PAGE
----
binding upon the parties hereto and the individual Employer . . . and shall be
wholly enforceable in any court of competent jurisdiction.
Petitioners conducted an audit of Respondent, during which the auditor determined that
Respondent had failed to report and make contributions in the principal amount of $5,248.80.
Respondent disputed these findings and did not remit the contributions. On or around December
20, 2012, Petitioners sent notice of their intent to submit the matter for arbitration. The Office of
the Impartial Arbitrator sent a Notice of Hearing on December 27, 2012, to Petitioners and to
Respondent via regular and certified mail.
Respondent claims that it was not properly informed of the arbitration hearing because
notice was sent to the wrong address. Although Respondent had moved to New Jersey,
Petitioner’s notice of intent to arbitrate and the arbitrator’s notice of hearing were sent to
Respondent’s former address in Briarcliff Manor, New York. Respondent did not appear at the
arbitration hearing on March 5, 2013. At the hearing, the arbitrator received testimony from the
auditor, reviewed the CBA, the auditor’s summary report and calculations of the proposed award.
The arbitrator found Respondent in default on March 8, 2013, and awarded Petitioners
$15,863.43, plus 5.25% interest from the date of the award.
On April 24, 2013, Petitioners initiated a prior suit in the Southern District of New York
to confirm the arbitration award. Before any answer or other response to the complaint,
Petitioners and Respondent filed a stipulation of dismissal without prejudice in that case on
March 31, 2014. The stipulation tolled any statute of limitations applicable to the claims of
Petitioners against Respondent to confirm the arbitration award from April 25, 2013, through
March 26, 2014. It is unclear from the record the circumstances that prompted the dismissal and
whether any settlement payment was made or agreed upon.
On February 3, 2015, Petitioners commenced this action to confirm the arbitration award
under the Federal Arbitration Act (“FAA”), 9 U.S.C. § 9; section 301 of the Labor Management
Relations Act of 1947 (“LMRA”) as amended, 29 U.S.C. § 185; and the Employee Retirement
Income Security Act of 1974 (“ERISA”), 29 U.S.C. § 1132(a)(3). On June 25, 2015,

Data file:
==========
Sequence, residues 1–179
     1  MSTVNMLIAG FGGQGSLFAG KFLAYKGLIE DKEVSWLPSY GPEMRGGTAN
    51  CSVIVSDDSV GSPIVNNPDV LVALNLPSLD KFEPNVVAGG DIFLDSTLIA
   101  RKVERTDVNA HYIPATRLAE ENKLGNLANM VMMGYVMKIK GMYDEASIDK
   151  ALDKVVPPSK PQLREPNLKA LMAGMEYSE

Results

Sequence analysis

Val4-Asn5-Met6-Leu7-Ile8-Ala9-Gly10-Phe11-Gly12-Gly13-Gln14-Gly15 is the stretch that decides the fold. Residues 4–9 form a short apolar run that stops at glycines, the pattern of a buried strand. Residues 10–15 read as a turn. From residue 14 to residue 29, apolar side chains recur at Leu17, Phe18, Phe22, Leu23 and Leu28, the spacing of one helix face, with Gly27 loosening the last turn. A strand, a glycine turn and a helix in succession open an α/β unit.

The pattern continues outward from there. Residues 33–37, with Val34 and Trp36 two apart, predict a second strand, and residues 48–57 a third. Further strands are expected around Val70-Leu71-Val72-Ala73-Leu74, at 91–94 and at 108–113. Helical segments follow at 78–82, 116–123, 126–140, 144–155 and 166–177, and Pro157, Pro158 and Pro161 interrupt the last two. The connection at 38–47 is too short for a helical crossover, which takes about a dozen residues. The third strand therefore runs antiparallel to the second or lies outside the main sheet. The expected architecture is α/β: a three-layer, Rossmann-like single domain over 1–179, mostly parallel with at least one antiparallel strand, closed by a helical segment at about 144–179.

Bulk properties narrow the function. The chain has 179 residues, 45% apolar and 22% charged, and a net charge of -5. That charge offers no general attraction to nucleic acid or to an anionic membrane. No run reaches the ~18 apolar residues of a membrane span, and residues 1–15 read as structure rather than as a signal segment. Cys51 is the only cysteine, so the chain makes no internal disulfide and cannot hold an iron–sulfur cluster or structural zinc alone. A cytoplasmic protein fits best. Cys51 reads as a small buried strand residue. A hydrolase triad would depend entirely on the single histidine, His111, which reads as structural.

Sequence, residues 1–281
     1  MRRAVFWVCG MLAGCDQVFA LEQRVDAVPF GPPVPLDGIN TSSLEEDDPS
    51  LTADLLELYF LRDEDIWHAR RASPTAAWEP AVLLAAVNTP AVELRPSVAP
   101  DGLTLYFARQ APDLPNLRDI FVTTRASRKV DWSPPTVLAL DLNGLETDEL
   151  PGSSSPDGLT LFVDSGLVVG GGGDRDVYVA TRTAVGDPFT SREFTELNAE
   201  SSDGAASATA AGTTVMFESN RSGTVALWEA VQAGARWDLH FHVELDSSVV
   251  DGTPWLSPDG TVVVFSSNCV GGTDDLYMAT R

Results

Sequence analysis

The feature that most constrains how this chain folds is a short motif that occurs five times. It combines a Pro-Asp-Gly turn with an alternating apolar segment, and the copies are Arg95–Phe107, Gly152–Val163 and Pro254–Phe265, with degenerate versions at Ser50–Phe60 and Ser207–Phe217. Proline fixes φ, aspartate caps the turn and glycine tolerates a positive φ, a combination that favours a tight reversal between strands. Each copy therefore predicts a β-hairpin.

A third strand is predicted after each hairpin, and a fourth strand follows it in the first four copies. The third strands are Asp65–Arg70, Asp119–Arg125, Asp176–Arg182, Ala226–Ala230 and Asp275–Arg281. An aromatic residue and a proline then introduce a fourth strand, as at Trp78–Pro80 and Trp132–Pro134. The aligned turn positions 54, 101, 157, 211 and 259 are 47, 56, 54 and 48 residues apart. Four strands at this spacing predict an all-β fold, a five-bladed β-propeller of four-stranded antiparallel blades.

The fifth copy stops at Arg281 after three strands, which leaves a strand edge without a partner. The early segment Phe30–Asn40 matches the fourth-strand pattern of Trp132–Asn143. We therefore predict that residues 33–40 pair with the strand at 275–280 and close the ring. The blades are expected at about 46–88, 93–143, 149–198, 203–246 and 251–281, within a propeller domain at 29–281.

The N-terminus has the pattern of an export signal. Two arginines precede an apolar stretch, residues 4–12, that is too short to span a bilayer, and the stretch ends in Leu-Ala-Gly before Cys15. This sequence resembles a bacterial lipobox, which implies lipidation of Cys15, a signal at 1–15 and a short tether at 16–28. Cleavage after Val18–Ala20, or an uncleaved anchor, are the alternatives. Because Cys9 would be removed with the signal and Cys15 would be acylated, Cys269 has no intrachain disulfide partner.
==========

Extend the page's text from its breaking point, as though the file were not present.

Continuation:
Respondent, through new counsel, filed an answer and counterclaim, asserting that the arbitration
award should be vacated.
Enforcement of an arbitration award issued under a collective bargaining agreement “is
governed by section 301 of the LMRA.” Nat’l Football League Mgmt. Council v. Nat’l Football
League Players Ass’n, Nos. 15-2801, 15-2805, 2016 WL 1619883, *5 (2d Cir. Apr. 25, 2016)
(citing Major League Baseball Players Ass’n v. Garvey, 532 U.S. 504, 509 (2001)); see also
Coca–Cola Bottling Co. of N.Y. v. Soft Drink & Brewery Workers Union Loc. 812 Int’l Bhd. of
Teamsters, 242 F.3d 52, 53-55 (2d Cir. 2001) (holding that in cases brought under the LMRA, the
FAA does not apply). Section 301 “does more than confer jurisdiction,” serving as a source of
federal “substantive law . . . which the courts must fashion from the policy of our national labor
laws.” Textile Workers Union v. Lincoln Mills, 353 U.S. 448, 455-456 (1957). This body of law
is “analytically distinct from” that of the FAA and may draw from the FAA “for guidance alone.”
Coca–Cola, 242 F.3d at 54. Federal courts will also look to applicable state law to fill the
interstices in federal law, borrowing no more from state law than necessary. Loc. 802, Associated
Musicians of Greater N.Y. v. Parker Meridien Hotel, 145 F.3d 85, 88 (2d Cir. 1998) (quoting
West v. Conrail, 481 U.S. 35, 39–40 (1987)).
Judicial review of an arbitration award under the LMRA is “very limited” to comport with
the federal policy promoting “industrial stabilization through the collective bargaining